The Feast of St. Martha ~ The Rev. Deacon Dollie Wilkinson, OPI

3754698108_b5c7f3d1ed

The Kitchen Prayer

by Klara Munkres

Lord of all pots and pans and things,

Since I’ve not time to be a saint by doing lovely things

or watching late with Thee

Or dreaming in the dawn light or storming Heaven’s gates

Make me a saint by getting meals and

Washing up the plates.

Although I must have Martha’s hands,

I have a Mary mind
And when I black the boots and shoes,

Thy sandals Lord I find.

I think of how they trod the earth what time I scrub the floor.

Accept this meditation Lord,

I haven’t time for more.

Warm all the kitchen with Thy love and light it with Thy peace

Forgive me all my worrying and make my grumbling cease.

Thou who didst love to give men food,

In room or by the sea

Accept this service that I do, I do it unto Thee.

St. Martha

Died 84 A.D
Feast day: July 29
Patron saint of cooks, wait staff, and homemakers

Today, July 29, is the Feast of St. Martha, sister of Mary Magdalene and Lazarus. We find her in the Scriptures three times, twice directly and once indirectly. In the first instance, Martha questions Jesus about her sister, who was sitting listening at the Lord’s feet while Martha was busy preparing the meal.

“Martha was busy about much serving. She stood and said: ‘Lord hast thou no care that my sister hath left me alone to serve? Speak to her therefore, that she help me. And the Lord answering, said to her: ‘Martha, Martha, thou art careful and art troubled about many things. But one thing is necessary. Mary has chosen the best part, which shall not be taken away from her’” (Luke 10:40-42).

Jesus is telling Martha that each person has a role to serve, whether cooking or cleaning, or sitting at the Lord’s feet, listening to His holy word. I can sympathize with Martha. Too many times I’ve grumbled about some chore, or task, that I did not want to do. But the work must be done, and as long as it is always done to the Glory of the Father, then no task or job is too trivial.

We also find her questioning Jesus about the death of her brother, Lazarus, in John 11:20-27, where she comes to a deeper faith in the divinity of Christ. When Lazarus, the brother of Mary and Martha, had died, Jesus came to Bethany. Martha, upon being told that He was approaching, went out to meet Him, while Mary sat still in the house until He sent for her.

Then said Martha unto Jesus, Lord, if thou hadst been here, my brother had not died. But I know, that even now, whatsoever thou wilt ask of God, God will give it thee.Jesus saith unto her, Thy brother shall rise again. Martha saith unto him, I know that he shall rise again in the resurrection at the last day. Jesus said unto her, I am the resurrection, and the life: he that believeth in me, though he were dead, yet shall he live: And whosoever liveth and believeth in me shall never die. Believest thou this? She saith unto him, Yea, Lord: I believe that thou art the Christ, the Son of God, which should come into the world.”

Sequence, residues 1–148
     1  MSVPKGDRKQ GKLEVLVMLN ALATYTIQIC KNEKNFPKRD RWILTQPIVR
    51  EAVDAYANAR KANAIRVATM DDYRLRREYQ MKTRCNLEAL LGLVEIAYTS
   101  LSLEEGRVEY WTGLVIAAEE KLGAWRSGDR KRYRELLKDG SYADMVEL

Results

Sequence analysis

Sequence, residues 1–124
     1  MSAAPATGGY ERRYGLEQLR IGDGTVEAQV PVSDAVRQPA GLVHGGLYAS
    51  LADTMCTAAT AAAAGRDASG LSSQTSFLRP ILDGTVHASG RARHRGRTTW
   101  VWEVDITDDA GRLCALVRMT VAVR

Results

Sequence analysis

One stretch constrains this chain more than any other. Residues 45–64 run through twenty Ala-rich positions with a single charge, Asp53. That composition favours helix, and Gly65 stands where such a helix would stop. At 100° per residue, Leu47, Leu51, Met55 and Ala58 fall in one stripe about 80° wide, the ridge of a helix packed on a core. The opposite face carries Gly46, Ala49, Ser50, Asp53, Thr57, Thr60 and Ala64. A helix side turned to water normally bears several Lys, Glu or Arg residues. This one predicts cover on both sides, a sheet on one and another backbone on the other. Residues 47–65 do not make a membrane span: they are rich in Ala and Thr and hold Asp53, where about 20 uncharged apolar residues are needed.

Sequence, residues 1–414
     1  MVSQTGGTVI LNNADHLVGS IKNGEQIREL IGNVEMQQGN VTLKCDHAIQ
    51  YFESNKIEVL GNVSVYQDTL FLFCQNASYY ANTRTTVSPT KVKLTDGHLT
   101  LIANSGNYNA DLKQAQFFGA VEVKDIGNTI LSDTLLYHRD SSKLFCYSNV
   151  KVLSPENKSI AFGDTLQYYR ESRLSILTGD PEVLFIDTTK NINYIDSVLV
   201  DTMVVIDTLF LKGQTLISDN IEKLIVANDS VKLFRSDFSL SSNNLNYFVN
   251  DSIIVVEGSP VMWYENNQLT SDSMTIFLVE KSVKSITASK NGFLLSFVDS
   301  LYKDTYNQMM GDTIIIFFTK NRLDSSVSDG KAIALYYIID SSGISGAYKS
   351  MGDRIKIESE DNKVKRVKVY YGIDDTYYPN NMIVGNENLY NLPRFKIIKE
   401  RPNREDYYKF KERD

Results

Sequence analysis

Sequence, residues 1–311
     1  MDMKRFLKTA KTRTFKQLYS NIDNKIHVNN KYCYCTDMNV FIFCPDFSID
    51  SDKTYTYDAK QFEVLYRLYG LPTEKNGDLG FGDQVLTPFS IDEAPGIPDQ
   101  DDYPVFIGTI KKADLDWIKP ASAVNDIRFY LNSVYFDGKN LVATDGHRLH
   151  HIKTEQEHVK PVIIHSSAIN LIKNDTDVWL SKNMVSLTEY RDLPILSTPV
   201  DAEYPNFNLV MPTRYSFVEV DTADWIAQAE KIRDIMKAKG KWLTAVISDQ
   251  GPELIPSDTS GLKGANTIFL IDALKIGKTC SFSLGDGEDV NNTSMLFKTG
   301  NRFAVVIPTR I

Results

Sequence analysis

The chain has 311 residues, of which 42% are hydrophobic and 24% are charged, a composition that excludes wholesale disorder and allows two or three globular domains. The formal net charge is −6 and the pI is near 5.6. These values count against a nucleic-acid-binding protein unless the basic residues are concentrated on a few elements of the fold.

Here we have Martha doing something that most Christians, even today would hesitate to do – she questioned the actions of Jesus. He patiently reassures her that her brother, Lazarus, will rise again. Again, Martha takes an active role in her wish to understand more, to come to know that Jesus is really the Son of God.

Again, about a week before the crucifixion, as Jesus reclined at the table, Mary poured oil over Jesus’ feet. Mary was criticized for wasting what might have been sold to raise money for the poor, and again Jesus spoke on her behalf. (John 12:1-8)

Six days before the Passover, Jesus arrived at Bethany, where Lazarus lived, whom Jesus had raised from the dead. Here a dinner was given in Jesus’ honor. Martha served, while Lazarus was among those reclining at the table with him. Then Mary took about a pint of pure nard, an expensive perfume; she poured it on Jesus’ feet and wiped his feet with her hair. And the house was filled with the fragrance of the perfume. But one of his disciples, Judas Iscariot, who was later to betray him, objected, “Why wasn’t this perfume sold and the money given to the poor? It was worth a year’s wages. He did not say this because he cared about the poor but because he was a thief; as keeper of the money bag, he used to help himself to what was put into it. “Leave her alone,”Jesus replied.”[It was intended] that she should save this perfume for the day of my burial. You will always have the poor among you, but you will not always have me.”

By now, I imagine Martha is fed up with seemingly doing all the work, while Mary, her sister, seems to be the favorite of Jesus. I know I would be……but through these bible passages, we learn that everyone who is called to serve, will not do so in the same way. Nothing would get done if this were true. And on the flip side of this, thinking we had to do it all, as Martha must have first thought, would result in a very tired person. We all have roles, or parts, to play in the worship of our Lord. So do your part with gladness, as Mary and Martha did. As we can see on the basis of these incidents, many Christian writers have seen Mary as representing Contemplation (prayer and devotion), and Martha as representing Action (good works, helping others); or love of God and love of neighbor respectively.

Advertisements